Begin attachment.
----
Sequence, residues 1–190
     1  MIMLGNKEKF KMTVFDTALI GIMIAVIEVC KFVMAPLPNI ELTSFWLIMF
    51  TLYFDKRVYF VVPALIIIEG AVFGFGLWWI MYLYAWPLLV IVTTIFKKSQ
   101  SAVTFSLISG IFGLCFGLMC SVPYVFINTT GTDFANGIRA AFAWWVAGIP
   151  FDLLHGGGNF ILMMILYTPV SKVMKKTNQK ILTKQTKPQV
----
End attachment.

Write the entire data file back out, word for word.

Sequence, residues 1–190
     1  MIMLGNKEKF KMTVFDTALI GIMIAVIEVC KFVMAPLPNI ELTSFWLIMF
    51  TLYFDKRVYF VVPALIIIEG AVFGFGLWWI MYLYAWPLLV IVTTIFKKSQ
   101  SAVTFSLISG IFGLCFGLMC SVPYVFINTT GTDFANGIRA AFAWWVAGIP
   151  FDLLHGGGNF ILMMILYTPV SKVMKKTNQK ILTKQTKPQV